Ferguson has been looking into how publishing changed during Lafferty’s time. By then publishers had early versions of software that showed what sold and what didn’t. Cult and niche authors, those whose work was more experimental than it was marketable, were pruned from editors’ lists. By the date of the first meeting of OSFW, genre traditions were reasserted, and publishing houses pandered to readers who approached a bookstand like a fast-food menu—fewer choices, no surprises, what you see is what you get. Lafferty couldn’t promise to sell tens of thousands of copies of tall tales or campfire stories masquerading as sci-fi, and he couldn’t bank on much crossover. “Science-fiction fans don’t read historical novels,” reads one Lafferty quote.

Galaxy, one of the magazines that originally proliferated Lafferty’s work, stopped accepting his submissions after editor Frederik Pohl, who split the 1973 Hugo with Lafferty, left his post. Lafferty was a fixture at science-fiction conferences. He delivered speeches and served on panels, but he became notorious for being always first in line at cocktail hour—stories of Lafferty convincing charitable women to sit on his lap proliferated, echoed by similar flirtations in his correspondence with female friends and fans. Film and video game deals for Lafferty’s novels and short stories languished or fell through. His novels and collections of short stories fell out of print or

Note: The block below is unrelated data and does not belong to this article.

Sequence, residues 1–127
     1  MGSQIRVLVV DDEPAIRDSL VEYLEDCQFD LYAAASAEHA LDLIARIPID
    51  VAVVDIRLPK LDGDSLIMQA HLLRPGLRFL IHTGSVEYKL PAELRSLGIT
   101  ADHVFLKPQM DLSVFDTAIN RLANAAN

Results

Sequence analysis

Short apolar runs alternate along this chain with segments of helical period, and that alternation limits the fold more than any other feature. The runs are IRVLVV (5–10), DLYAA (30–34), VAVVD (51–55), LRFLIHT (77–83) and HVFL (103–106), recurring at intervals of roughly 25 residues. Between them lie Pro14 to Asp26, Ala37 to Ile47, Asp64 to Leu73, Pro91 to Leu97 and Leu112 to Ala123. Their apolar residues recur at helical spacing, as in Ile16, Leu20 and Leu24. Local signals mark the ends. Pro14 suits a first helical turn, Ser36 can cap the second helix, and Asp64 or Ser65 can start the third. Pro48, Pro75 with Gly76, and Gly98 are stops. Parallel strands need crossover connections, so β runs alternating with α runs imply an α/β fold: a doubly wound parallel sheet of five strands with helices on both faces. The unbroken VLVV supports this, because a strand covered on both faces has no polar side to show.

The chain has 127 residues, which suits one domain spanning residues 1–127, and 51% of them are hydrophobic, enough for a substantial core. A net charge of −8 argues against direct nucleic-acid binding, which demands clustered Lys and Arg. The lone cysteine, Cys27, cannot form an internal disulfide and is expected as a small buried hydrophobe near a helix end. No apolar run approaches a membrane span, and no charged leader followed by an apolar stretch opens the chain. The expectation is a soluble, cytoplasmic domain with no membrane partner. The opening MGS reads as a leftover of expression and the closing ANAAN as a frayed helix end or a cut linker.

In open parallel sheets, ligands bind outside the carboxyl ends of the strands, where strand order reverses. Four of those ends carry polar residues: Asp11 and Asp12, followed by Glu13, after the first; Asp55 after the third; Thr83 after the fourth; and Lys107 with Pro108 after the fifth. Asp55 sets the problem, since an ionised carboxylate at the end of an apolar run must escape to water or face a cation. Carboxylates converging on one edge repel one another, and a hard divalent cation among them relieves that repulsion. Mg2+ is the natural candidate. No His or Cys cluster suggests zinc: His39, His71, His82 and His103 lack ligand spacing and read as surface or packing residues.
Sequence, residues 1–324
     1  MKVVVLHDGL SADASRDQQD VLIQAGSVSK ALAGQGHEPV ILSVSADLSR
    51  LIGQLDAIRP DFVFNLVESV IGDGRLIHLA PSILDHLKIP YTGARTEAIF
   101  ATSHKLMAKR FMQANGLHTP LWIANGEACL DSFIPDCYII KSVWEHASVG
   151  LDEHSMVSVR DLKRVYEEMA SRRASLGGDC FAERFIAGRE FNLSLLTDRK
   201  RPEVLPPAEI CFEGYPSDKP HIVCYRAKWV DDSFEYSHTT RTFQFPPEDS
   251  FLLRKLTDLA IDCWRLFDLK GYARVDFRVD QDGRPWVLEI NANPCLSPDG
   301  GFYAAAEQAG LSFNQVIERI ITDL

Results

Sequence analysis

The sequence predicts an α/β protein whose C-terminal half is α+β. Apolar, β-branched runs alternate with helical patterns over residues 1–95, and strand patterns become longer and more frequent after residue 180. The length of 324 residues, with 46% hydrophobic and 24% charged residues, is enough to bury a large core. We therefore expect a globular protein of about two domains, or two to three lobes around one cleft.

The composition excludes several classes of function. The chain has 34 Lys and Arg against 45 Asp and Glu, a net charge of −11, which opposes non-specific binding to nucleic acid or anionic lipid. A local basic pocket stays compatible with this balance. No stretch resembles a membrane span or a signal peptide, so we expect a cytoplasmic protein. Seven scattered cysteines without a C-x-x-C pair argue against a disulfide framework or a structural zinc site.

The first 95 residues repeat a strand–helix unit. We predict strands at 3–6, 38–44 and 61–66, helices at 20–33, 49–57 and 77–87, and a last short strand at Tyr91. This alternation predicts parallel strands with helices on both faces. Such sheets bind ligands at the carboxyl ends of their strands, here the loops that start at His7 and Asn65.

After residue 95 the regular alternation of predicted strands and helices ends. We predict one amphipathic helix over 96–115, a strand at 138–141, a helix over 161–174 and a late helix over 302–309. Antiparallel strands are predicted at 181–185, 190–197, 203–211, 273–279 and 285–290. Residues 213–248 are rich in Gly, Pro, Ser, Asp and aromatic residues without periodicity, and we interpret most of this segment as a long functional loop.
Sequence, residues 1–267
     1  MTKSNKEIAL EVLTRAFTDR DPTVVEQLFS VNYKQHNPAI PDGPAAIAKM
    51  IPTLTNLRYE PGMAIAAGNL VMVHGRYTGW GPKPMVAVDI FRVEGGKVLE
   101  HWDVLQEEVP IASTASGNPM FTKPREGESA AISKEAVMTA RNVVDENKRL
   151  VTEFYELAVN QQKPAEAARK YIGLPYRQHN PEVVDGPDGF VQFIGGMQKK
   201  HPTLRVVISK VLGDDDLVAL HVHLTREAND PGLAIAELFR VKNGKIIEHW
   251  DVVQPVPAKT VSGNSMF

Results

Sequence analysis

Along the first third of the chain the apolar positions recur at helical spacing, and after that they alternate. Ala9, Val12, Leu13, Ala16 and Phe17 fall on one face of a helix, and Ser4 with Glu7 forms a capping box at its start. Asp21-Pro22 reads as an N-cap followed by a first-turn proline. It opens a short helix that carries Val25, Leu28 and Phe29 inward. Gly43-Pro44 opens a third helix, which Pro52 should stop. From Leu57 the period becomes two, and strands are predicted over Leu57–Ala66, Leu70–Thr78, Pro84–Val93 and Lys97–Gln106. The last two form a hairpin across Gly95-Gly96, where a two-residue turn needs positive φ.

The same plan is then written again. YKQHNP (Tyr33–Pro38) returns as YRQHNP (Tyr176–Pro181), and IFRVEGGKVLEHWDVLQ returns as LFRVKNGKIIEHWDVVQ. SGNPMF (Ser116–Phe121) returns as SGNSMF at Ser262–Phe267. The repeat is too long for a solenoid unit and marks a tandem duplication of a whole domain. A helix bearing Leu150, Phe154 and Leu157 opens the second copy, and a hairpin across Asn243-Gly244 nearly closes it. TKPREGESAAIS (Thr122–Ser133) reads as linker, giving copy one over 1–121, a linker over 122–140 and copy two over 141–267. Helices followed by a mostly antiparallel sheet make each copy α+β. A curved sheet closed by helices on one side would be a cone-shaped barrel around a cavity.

went to garage presses for infinitesimal runs.

Even in his hometown, the daily newspapers sent him reporters only a few times every decade. On the same shelves where Lafferty kept his Hugo, silver and rocket-shaped, was his “Invisible Little Man Award,” given to him by a science-fiction group in California for work that should be
better appreciated.

Still, Lafferty wasn’t one to complain. “This is the only job in the world where you can make a fair living by working an hour a day,” he told a Tulsa Tribune reporter; he wrote elsewhere that he doesn’t know why more people don’t do it. In spite of his setbacks, he wrote as exuberantly as ever. He became a regular contributor to the OSFW newsletter. He poked fun by writing petty letters to the editor, and he wrote poems for the club’s poetry anthology under names like Mary Mystic O’Trassy and Audifax O’Hanlon. He was a lively correspondent, writing long letters to fans that were as vivid and surreal as any of his published work. Later, he included apologies for his arthritic typing in the postscripts.